Women and Work

Women going to college
Women have always worked, whether in paid jobs or at home, and often in both. Today women comprise nearly half of the UK's workforce. While there have been many important changes in recent decades there are also many continuities in the issues women face in the workplace.

19th and early 20th century

Most working class women in Victorian England had no choice but to undertake paid work in order to help support their families. Women worked in factories, in domestic service, in family businesses and carried out home-based work such as finishing garments and shoes for factories and laundry. During this period women were paid less than men.

World War I: 1914-1918

During WWI (1914-18), large numbers of women were recruited into jobs vacated by men who had gone to fight in the war. New jobs were also created as part of the war effort, for example in ammunitions factories. Women were paid less than the men who they replaced, which led to the first successful campaigns for equal pay.

The inter-war years: 1918-1939

As servicemen returned from the war and reclaimed the available jobs, the numbers of women workers in industry and trade declined. Women were forced to take up jobs in domestic service or face benefits being cut by the government. Some new 'women's jobs' were created in emerging industries - mostly low paid, repetitive, shift work.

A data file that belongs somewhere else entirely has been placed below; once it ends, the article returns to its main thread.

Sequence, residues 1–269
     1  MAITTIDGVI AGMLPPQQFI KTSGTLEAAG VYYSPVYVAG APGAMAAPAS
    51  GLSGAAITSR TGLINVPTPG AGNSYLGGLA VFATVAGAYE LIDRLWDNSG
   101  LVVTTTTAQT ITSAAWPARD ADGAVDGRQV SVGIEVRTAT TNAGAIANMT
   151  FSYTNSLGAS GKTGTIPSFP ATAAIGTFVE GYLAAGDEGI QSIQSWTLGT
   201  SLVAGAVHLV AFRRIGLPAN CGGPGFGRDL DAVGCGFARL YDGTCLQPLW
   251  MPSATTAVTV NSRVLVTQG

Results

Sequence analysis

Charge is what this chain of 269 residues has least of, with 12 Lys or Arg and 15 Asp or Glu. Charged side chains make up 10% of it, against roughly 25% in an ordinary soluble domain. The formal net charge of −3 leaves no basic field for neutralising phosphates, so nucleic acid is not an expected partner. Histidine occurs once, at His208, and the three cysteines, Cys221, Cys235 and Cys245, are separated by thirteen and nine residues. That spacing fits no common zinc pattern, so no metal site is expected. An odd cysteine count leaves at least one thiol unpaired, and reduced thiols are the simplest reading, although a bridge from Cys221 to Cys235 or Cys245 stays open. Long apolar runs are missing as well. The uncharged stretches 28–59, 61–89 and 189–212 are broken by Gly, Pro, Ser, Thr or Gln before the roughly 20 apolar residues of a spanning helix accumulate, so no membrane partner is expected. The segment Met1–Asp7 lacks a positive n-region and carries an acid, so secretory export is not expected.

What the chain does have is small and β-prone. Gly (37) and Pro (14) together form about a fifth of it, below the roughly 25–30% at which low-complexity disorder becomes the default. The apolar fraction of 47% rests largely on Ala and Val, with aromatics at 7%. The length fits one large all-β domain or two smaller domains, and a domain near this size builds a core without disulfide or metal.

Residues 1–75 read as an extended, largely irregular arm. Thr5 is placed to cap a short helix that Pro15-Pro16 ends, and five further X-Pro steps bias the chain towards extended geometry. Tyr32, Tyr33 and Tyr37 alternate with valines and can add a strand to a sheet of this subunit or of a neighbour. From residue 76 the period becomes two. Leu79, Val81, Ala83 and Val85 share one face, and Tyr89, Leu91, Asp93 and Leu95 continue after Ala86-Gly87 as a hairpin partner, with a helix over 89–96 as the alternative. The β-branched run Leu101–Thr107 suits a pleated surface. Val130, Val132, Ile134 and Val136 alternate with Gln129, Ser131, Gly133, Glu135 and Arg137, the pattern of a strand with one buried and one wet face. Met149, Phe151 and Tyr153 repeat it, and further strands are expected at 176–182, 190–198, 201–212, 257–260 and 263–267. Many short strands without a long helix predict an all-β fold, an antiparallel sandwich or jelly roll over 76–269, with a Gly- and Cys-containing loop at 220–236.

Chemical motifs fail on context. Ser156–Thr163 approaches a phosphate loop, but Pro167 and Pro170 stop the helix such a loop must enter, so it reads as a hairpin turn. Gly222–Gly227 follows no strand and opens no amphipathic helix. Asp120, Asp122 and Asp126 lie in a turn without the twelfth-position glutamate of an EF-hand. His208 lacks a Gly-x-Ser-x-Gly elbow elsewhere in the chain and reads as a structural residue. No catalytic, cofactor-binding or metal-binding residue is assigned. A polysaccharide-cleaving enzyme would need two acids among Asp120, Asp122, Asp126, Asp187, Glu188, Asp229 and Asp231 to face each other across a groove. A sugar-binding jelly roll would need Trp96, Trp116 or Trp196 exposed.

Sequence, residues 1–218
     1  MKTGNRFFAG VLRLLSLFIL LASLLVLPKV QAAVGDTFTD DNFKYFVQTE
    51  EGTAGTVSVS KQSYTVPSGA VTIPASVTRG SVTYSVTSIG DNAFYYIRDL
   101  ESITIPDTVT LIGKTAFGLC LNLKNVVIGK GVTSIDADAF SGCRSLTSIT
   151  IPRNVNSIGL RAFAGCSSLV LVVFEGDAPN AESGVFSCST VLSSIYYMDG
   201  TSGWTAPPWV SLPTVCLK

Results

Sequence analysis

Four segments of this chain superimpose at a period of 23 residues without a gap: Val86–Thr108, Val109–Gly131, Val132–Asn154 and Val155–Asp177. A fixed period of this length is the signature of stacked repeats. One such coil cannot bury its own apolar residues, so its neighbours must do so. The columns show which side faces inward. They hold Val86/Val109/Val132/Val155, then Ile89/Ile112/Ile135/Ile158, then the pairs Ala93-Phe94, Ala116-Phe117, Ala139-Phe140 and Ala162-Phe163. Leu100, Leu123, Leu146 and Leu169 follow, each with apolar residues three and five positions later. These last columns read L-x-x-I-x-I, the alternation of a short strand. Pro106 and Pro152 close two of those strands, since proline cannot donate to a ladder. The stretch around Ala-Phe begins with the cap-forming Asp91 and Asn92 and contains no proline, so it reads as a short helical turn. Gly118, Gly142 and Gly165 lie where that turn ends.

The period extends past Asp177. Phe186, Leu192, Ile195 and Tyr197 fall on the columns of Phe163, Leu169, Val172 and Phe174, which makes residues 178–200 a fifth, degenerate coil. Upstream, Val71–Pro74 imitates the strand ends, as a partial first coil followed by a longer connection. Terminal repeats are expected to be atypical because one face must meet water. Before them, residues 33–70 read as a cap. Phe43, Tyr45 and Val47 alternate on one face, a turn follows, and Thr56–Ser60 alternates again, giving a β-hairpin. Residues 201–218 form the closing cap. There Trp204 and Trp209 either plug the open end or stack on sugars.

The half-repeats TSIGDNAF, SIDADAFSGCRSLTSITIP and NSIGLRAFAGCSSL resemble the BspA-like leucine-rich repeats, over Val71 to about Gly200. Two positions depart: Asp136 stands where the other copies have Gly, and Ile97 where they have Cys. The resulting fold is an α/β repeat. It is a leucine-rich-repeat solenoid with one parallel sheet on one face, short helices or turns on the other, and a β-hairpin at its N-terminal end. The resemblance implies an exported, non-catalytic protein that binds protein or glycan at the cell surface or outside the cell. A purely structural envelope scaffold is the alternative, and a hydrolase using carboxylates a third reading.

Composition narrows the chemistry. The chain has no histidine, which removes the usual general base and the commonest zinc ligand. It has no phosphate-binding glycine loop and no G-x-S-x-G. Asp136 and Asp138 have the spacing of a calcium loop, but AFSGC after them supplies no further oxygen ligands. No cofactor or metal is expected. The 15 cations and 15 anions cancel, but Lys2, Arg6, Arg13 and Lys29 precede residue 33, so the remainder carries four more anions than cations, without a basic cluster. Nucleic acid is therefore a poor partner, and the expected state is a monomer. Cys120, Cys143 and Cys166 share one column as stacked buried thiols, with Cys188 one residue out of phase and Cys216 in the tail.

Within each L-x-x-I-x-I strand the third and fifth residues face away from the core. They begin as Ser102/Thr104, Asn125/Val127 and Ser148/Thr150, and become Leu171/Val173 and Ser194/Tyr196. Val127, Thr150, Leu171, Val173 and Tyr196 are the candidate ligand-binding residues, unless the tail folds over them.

World War II: 1939-1945

In many ways, the story of women’s employment during WWI was repeated during WWII. Women successfully undertook what had earlier been considered 'men's work' in wartime industries, and as auxiliaries to the Armed Forces and in Civil Defence. During this period the issue of unequal pay began to be raised again by women workers and to a limited extent, by the trade unions.

Post World War II: 1946-1970

After WWII, the establishment of the welfare state created new employment opportunities for women. Women workers, including migrant workers, faced discrimination at work. During this period, women workers fought successfully to gain new rights, such as the right to equal pay.

From the 1970s to the present

Women’s participation in the UK labour market steadily increased during this period. However it was restricted to certain low paid sectors. During this period women workers agitated through their trade unions to gain new rights. Migrant women workers also came together to challenge workplace discrimination and to make trade unions more inclusive.